Under the hood of the Xbox One Project Scorpio

Now that Microsoft has released all of the pertinent specs for the Project Scorpio console, we're starting to get a better understanding of how it will improve Xbox One gaming across the board. Whether developers offer a "Scorpio patch" or not, pretty much every title should shine a little bit brighter on the Scorpio.

In case you missed the big news yesterday, we finally found out what Microsoft has running under the hood of the Scorpio console. In short, it looks like it's going to deliver on all of their promises of being the most powerful games console on the market, even outpacing the PlayStation Pro in every regard except for hard drive space. Heck, this thing will even play Sony's Ultra HD Blu-ray discs, something their own top-of-the-line game console won't do.

But, what folks are most interested in is how this console is going to improve the gaming experience. It was revealed last week that several games that are currently in development will be optimized for the Scorpio, including various EA titles and games like Read Dead Redemption 2 and the next Forza. To be clear, those games will run fine on every piece of modern machinery they launch for, but the developers are looking to utilize the extra power of the Scorpio to make them look and run better than on any other console.

But, according to a recent report over on Eurogamer, games don't have to be developed with the Scorpio in mind (or even a Scorpio patch) to benefit from the new console's hardware.

For starters, your games should look smoother and feature less tearing. For some gamers, these type of graphical optimizations aren't as important but, once you see a game running on a higher-end machine and get a feel for what it "should" look like, it's hard to go back to less-than-optimal visuals.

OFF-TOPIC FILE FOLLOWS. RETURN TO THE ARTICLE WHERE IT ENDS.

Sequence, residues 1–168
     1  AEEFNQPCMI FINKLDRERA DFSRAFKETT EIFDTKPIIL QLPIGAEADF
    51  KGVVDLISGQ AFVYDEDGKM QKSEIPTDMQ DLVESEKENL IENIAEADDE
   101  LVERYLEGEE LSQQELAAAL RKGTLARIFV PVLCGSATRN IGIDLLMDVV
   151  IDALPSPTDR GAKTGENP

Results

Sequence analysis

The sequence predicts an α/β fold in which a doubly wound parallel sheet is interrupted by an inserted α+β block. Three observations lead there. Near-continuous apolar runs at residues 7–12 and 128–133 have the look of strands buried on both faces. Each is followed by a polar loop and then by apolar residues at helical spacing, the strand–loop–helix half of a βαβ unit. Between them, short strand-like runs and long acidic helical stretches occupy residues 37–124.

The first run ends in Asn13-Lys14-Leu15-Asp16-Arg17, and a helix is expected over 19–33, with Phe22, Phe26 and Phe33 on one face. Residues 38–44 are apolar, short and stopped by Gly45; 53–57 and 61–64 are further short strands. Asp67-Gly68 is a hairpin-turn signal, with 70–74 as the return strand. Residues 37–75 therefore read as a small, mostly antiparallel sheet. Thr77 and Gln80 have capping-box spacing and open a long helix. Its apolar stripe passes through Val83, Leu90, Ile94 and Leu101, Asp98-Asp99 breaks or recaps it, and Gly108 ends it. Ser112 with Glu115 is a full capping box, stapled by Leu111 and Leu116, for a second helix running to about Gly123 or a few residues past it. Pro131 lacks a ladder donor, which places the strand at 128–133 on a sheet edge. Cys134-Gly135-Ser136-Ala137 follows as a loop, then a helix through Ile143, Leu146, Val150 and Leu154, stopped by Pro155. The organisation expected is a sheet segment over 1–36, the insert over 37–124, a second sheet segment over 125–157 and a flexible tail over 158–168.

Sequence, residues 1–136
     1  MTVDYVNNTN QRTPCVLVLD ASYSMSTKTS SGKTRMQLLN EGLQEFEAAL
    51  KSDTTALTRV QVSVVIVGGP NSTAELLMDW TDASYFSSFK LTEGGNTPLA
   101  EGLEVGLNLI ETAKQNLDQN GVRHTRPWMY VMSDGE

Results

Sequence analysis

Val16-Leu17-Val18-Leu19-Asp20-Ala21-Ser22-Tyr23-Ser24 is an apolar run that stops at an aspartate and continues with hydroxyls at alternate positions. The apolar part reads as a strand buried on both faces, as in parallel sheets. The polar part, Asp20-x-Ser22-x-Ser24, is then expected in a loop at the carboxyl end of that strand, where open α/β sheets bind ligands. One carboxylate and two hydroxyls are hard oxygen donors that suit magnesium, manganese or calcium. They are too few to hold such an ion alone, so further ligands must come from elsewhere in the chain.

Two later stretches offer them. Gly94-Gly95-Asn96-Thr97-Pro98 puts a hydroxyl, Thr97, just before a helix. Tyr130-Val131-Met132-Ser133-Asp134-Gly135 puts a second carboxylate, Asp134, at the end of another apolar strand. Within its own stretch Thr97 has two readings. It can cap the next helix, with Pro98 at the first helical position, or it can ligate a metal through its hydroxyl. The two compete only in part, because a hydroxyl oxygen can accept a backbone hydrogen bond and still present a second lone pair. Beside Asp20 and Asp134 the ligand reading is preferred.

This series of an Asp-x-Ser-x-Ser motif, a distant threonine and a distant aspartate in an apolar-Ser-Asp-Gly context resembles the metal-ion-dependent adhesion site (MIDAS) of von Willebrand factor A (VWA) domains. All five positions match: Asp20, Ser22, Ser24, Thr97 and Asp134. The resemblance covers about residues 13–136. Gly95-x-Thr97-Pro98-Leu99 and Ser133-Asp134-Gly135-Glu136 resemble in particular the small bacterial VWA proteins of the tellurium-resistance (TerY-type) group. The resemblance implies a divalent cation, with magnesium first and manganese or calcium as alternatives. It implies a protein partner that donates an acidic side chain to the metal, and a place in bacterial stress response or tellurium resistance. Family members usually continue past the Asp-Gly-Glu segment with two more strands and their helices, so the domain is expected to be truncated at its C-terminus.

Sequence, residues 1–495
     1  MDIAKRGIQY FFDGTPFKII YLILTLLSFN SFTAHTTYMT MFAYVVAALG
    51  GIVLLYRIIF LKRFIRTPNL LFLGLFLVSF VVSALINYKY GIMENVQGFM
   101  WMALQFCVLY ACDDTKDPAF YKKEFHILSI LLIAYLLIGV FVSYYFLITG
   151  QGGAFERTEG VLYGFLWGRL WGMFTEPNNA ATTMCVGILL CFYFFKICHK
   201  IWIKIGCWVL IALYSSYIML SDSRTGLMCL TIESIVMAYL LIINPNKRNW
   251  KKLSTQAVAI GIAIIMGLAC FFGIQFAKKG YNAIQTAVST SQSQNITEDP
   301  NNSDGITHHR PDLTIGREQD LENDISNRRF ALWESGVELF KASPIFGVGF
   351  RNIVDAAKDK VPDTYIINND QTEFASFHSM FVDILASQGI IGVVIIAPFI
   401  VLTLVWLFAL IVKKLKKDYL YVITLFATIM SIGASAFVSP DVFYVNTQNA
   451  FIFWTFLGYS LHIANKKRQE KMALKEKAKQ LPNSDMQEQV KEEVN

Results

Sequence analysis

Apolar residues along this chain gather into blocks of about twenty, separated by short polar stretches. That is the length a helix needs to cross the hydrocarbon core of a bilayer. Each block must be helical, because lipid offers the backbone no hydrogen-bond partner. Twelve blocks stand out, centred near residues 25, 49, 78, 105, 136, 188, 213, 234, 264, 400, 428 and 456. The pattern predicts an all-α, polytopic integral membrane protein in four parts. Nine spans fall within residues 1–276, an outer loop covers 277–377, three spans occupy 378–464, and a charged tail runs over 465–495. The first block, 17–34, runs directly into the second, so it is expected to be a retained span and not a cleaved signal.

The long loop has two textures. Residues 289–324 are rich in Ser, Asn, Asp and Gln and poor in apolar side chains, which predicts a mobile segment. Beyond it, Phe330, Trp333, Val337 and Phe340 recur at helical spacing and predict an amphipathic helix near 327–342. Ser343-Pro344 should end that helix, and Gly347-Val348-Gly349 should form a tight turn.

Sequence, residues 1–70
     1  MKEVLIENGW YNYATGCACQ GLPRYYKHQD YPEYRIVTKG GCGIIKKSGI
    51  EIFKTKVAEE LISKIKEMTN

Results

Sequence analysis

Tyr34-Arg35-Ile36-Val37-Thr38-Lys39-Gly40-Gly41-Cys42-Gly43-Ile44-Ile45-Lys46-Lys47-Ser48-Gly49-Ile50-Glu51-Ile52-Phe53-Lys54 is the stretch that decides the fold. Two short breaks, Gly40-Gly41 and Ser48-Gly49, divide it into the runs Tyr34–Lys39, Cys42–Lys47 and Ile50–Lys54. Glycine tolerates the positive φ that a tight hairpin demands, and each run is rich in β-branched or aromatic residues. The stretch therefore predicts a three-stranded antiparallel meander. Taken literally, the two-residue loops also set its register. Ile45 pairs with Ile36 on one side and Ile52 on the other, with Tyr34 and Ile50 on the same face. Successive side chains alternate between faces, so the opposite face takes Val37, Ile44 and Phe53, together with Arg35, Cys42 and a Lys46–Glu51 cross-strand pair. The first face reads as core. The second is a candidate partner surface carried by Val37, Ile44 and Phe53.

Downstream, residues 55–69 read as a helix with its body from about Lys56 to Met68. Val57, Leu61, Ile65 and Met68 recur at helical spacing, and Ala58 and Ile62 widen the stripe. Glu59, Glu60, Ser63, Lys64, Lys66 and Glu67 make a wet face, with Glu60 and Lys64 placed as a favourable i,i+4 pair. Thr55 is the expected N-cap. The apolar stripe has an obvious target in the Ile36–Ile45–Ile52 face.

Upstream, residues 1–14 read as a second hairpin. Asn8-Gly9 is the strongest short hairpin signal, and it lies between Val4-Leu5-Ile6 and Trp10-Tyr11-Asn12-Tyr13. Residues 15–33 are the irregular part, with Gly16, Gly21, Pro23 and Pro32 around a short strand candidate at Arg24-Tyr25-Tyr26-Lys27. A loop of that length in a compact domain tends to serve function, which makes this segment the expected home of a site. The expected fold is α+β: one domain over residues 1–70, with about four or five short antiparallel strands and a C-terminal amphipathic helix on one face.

Another bonus of all of that raw horsepower is that your games shouldn't have an issue dropping frames anymore. Whether a game is simply more graphically intensive than other titles or there's too much going on on the screen at once for your current console to handle it, even the most optimized games can have an issue with dropping frames in order to keep things moving. With the Scorpio, that should be less of a problem, meaning that games that are supposed to run at 60 fps should be able to keep pace, no problem. The same goes for texture filtering, which should also see an improvement on Microsoft's new machine.

Finally, there's the general speed of operations. Whether you're navigating around the system, switching from app to app or waiting for your game's level to load, everything should move at a quicker clip on the Scorpio.

As a reminder, we're still missing a few pieces of this Scorpio puzzle. For starters, we have no idea how expensive the thing will be. At this point, we're speculating that Microsoft's plan was to reveal all of the specs and see what kind of figures get kicked around the internet -- and what reactions those figures get -- before settling on any hard numbers.

We also don't know what its final name will be or when it will actually arrive, outside of "later in 2017." Whenever it gets here, though, at least we know your entire Xbox One collection should benefit from its beefed-up hardware.

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